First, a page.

Game time: Sunday, Nov. 18, 1:0 p.m. ET, FedEx Field
Weather: mid-50s, sunny
Records: Eagles (3-6) at Redskins (3-6)
1. Can whomever is under center take advantage of a suspect Redskins secondary?
It's Friday morning and we still don't know if Michael Vick will start seven days after suffering a concussion, or if rookie Nick Foles will finally get his chance. Even if Andy Reid isn't saying publicly, there are a few reasons to lean toward Foles.
For starters, Vick had his brain sloshed around his noggin less than a week ago. That fact coupled with a suspect offensive line might make it in Vick's long-term interests to take the week off. (The problem, of course; it might not be just "a week." There's speculation that Reid could ride Foles out the rest of the season in the hopes of keeping his job.)
Then there's this: the Redskins are atrocious against rookie quarterbacks (almost as mystifying -- the 'Skins haven't won coming off their bye week since 2007). Whomever gets the nod this much is certain: they have to take care of the football. You'd think that would go without saying but these are the Eagles. No detail is too small.
2. Is this the game that Andy Reid and Marty Mornhinweg let LeSean McCoy do the heavy lifting? (At this point, this question is for comedic purposes; we all know it won't happen.)
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It does make you wonder, though: just how bad do things have to get before Reid relents on this pass-only offensive philosophy? Yes, that's an overstatement but you know what we mean. The Eagles gave McCoy a new contract in the offseason because he's one of the league's most dangerous backs. But there's one caveat: YOU HAVE TO GIVE HIM THE BALL. We'll repeat what we wrote above: You'd think that would go without saying but these are the Eagles. No detail is too small.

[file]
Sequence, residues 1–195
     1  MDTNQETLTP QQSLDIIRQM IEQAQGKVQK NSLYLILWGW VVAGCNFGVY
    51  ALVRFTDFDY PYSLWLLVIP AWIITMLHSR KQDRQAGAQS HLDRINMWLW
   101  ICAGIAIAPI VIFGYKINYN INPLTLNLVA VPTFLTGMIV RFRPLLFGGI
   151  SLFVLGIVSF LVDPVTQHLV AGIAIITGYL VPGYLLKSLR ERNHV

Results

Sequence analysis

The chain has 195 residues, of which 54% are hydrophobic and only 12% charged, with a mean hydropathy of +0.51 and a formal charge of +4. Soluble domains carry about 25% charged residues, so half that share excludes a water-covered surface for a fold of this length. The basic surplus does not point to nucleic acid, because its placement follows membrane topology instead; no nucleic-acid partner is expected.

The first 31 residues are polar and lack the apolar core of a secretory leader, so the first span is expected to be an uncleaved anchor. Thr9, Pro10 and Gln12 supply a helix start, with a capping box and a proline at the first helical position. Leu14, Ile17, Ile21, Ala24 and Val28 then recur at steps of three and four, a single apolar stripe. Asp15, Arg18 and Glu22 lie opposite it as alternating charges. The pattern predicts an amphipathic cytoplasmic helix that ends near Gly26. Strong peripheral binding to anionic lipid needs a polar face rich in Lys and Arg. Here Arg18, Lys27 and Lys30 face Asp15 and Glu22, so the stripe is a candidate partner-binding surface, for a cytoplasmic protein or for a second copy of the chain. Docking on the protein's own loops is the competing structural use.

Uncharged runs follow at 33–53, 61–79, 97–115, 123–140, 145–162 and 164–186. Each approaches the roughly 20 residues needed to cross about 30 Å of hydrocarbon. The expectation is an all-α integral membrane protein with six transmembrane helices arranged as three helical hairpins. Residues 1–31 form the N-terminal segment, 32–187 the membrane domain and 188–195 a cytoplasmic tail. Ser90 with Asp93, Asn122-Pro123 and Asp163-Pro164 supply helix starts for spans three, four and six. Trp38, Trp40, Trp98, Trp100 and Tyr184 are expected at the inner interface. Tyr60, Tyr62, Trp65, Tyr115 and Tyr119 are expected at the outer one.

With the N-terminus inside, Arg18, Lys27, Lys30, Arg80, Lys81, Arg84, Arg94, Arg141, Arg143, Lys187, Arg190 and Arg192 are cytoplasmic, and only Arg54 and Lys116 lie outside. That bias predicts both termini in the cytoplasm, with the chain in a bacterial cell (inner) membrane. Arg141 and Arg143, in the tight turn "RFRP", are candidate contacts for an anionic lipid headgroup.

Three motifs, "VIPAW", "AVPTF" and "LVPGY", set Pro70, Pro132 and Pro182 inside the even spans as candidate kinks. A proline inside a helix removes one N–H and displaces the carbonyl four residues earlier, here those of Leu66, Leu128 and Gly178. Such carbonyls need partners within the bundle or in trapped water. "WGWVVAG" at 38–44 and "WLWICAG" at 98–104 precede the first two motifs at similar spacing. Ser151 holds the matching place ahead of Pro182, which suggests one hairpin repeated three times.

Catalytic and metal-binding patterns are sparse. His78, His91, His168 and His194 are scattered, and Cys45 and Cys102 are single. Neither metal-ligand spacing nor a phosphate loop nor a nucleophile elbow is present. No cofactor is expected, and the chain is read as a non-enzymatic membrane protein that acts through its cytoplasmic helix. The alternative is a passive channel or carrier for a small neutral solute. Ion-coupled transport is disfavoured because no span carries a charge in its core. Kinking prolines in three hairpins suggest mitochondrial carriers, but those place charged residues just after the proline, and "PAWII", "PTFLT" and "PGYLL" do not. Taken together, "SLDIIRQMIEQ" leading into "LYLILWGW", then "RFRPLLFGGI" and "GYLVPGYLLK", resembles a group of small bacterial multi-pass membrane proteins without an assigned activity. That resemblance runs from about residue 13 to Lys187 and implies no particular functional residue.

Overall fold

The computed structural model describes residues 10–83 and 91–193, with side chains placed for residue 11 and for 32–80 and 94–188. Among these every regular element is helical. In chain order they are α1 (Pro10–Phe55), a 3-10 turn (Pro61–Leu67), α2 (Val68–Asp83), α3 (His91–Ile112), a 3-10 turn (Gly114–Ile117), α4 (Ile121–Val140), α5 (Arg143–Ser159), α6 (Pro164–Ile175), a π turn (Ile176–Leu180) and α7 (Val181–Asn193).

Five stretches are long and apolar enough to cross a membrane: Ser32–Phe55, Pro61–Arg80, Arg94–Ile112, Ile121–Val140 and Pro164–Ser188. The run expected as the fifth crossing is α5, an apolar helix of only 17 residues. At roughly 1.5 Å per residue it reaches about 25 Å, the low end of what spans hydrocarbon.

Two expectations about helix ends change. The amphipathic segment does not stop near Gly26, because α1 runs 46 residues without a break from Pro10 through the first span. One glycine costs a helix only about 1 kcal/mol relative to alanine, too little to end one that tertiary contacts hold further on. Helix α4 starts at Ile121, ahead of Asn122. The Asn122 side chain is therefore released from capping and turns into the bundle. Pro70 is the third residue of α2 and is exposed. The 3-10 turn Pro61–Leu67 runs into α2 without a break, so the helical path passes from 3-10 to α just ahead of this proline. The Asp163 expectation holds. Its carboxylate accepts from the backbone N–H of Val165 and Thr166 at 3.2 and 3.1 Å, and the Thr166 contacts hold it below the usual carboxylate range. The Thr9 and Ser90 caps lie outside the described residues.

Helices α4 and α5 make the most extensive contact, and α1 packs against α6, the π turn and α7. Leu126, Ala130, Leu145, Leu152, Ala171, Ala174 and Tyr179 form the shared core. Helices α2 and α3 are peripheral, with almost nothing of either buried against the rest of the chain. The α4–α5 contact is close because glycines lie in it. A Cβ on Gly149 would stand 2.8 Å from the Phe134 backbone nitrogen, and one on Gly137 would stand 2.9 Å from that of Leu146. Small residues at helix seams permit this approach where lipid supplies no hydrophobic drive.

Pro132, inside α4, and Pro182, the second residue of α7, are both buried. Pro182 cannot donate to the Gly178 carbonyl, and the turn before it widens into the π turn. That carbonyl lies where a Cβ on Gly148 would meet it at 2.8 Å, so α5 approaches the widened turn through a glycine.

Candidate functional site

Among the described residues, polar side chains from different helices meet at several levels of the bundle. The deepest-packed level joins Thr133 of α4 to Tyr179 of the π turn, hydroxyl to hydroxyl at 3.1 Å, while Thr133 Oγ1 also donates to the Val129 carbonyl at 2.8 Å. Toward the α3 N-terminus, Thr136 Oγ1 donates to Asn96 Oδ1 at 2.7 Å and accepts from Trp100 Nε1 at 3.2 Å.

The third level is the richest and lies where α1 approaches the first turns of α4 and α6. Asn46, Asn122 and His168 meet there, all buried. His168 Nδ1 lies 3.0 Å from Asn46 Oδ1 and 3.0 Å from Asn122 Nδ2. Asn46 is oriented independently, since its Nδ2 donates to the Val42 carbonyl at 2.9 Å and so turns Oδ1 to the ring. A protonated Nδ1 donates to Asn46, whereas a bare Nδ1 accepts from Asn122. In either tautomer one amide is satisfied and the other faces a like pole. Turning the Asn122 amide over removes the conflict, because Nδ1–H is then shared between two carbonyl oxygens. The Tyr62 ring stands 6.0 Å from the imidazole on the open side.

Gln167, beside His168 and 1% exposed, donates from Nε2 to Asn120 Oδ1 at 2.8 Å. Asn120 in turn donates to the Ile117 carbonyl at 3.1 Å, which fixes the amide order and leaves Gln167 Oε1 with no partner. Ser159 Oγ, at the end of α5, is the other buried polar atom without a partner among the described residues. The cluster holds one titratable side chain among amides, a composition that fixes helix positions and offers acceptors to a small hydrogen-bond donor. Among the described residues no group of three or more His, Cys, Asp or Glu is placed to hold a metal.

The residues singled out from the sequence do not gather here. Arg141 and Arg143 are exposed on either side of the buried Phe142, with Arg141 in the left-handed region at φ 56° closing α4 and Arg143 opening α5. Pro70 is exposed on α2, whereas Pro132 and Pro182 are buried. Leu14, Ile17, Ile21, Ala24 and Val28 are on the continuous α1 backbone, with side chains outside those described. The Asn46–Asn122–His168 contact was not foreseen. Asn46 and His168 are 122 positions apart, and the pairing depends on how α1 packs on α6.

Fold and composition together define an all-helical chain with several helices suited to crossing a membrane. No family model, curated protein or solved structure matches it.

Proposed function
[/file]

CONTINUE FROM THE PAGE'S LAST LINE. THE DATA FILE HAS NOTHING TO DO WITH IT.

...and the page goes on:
"It seemed so wrong-headed, especially since the (Cowboys) game was close through three quarters," Ray Didinger said of Reid ignoring the running game earlier this week. "Often, the Eagles’ coaches use the excuse they were way behind so they had to throw the ball to catch up. Games like the one Sunday are proof that the score really doesn’t matter. Reid and Mornhinweg throw because they want to throw, simple as that."
3. Will the Eagles front seven be able to contain Robert Griffin III?
Well, if there's anything the Eagles should be good at it's playing against mobile, strong-armed quarterbacks. That said, this group has been anything but typical. Reid fired defensive coordinator Juan Castillo last month and replacement Todd Bowles hasn't done much to change this group's fate. That said, Philly's front seven has shown signs of life in recent weeks; they sacked Tony Romo three times in Sunday's loss, and they got after Drew Brees the week before, forcing two fumble and sacking him twice. Whether that limited success translates against one of the league's most dynamic players is another issue.
4. Can the Eagles' secondary show up big against an undermanned Redskins receiver corps?
If the defensive backfield was looking for a confidence boost, here it is. The 'Skins will be without their two biggest playmakers -- Pierre Garcon and Fred Davis (there's a chance Garcon plays but he's been slowed by a torn ligament in his toe and admits that he's not close to 100 percent) -- and Josh Morgan, Santana Moss or Chris Cooley aren't legitimate threats to stretch the field.
5. What should we expect from the special teams?
It's hard to fathom a Bobby April-coached unit playing so poorly but given how the rest of the season has unfolded perhaps it's not all that surprising.
“The season has been very disappointing,” April said. “If you have a dominating special teams -- I mean, a dominating special teams -- many of the games we lost we could have won. You dominate them, and a lot of games we lost we could have won. I believe that. "
So does that change this week? Maybe. The best thing the Eagles have going for them: according to Football Outsiders, Washington's return teams are worse than Philly's coverage teams. It's not much but it's something.